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What Peter Mayle taught us about France, the French and Provence

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What Peter Mayle taught us about France, the French and Provence
AFP
16:06 CET+01:00
Author of "A Year in Provence" Peter Mayle was famous for his witty, insightful observations about life in France. Here, on the day his publisher announced his death aged 78, are some of his best lines about life in France and in particular sunny Provence.
With his three novels about the slower pace of life in Provence, Mayle inspired thousands of people to follow in his footsteps in pursuit of the same romantic dream. 
 
Here are some of his best observations about France and the French.
 
"The day when a Frenchman switches from the formality of vous to the familiarity of tu is a day to be taken seriously. It is an unmistakable signal that he has decided - after weeks or months or sometimes years - that he likes you. It would be chulish and unfriendly of you not to return the compliment. And so, just when you are at last feeling comfortable with vous and all the plurals that go with it, you are thrust headlong in to the singular world of tu."
-- Toujours Provence
 
"Depending on the inflection, "ah bon" can express shock, disbelief, indifference, irritation, or joy - a remarkable achievement for two short words.”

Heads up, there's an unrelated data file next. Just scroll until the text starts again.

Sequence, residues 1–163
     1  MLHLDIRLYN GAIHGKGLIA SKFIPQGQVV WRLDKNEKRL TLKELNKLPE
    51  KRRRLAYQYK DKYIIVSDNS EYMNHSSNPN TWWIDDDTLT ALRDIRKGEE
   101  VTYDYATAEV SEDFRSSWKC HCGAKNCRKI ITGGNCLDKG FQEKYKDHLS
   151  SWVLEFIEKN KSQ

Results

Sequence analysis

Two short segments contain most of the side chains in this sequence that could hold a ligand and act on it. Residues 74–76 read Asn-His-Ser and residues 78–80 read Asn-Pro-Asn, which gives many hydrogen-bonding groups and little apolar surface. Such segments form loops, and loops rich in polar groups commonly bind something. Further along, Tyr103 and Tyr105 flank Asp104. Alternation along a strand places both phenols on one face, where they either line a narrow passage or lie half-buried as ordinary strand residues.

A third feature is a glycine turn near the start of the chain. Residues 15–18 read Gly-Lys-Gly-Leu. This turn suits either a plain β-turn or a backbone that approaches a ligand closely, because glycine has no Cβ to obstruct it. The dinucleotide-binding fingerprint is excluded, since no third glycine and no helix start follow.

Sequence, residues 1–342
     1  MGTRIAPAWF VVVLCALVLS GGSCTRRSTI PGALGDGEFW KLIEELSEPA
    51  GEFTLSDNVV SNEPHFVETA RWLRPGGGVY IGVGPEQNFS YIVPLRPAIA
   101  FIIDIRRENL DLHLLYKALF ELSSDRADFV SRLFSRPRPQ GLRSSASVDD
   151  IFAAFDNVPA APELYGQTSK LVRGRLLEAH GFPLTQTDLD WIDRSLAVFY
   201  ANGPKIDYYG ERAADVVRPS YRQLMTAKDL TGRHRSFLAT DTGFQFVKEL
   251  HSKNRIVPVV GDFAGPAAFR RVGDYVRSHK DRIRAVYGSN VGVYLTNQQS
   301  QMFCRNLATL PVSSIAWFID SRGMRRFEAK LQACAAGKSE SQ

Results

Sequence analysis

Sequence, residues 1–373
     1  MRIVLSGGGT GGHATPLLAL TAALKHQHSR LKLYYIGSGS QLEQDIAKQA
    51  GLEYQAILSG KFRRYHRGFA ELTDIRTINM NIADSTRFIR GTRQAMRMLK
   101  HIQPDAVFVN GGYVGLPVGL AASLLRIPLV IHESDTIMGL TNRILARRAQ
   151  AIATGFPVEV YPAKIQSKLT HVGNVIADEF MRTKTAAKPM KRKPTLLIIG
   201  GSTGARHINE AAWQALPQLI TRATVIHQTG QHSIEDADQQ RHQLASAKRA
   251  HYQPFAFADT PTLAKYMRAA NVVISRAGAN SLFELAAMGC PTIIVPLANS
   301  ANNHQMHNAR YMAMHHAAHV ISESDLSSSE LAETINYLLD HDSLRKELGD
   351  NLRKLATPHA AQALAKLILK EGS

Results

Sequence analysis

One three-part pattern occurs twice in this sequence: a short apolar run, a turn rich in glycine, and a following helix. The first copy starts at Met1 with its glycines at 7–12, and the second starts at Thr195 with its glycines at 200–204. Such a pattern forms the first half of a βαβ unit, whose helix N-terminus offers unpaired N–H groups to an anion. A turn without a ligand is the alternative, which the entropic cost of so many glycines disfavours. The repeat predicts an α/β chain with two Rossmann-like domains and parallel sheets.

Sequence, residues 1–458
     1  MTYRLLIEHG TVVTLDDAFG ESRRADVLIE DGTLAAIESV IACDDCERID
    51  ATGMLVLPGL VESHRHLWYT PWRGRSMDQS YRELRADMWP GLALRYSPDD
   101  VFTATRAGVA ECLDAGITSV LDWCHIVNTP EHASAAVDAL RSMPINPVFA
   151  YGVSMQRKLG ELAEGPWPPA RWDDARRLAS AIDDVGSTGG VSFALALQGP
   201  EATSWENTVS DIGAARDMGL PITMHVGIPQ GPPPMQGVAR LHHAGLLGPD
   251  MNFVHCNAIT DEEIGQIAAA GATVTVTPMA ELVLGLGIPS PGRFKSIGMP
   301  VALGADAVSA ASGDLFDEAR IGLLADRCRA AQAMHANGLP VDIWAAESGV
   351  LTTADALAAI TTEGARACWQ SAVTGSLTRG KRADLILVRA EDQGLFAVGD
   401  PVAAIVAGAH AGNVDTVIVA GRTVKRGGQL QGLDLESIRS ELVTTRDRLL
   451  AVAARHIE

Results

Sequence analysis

-- Toujours Provence
 
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Peter Mayle. Photo: Alfred A. Knopf‏/Twitter
 
"We sat back, thankful that we had been able to finish, and watched with something close to panic as plates were wiped yet again and a huge, steaming casserole was placed on the table. This was the specialty of Madame our hostess - a rabbit civet of the richest, deepest brown - and our feeble requests for small portions were smilingly ignored. We ate it. We ate the green salad with knuckles of bread fried in garlic and olive oil, we ate the plump round crottins of goat's cheese, we ate the almond and cream gateau that the daughter of the house had prepared. That night, we ate for England.” 
-- A Year in Provence
 
“We had to be up early in the morning. We had a goat race to go to... We asked the old man confident in the knowledge that he, like every Frenchman, would be an expert. "The goats who make the most droppings before the race are likely to do well. An empty goat is faster than a full goat. C'est logique.” 
-- A Year in Provence
 
"Apart from the peace and emptiness of the landscape, there is a special smell about winter in Provence which is accentuated by the wind and the clean, dry air. Walking in the hills, I was often able to smell a house before I could see it, because of the scent of wood smoke coming from an invisible chimney. It is one of the most primitive smells in life, and consequently extinct in most cities, where fire regulations and interior decorators have combined to turn fireplaces into blocked-up holes or self-consciously lit "architectural features." 
-- A Year in Provence
 
Photo: Mike Slone/Flickr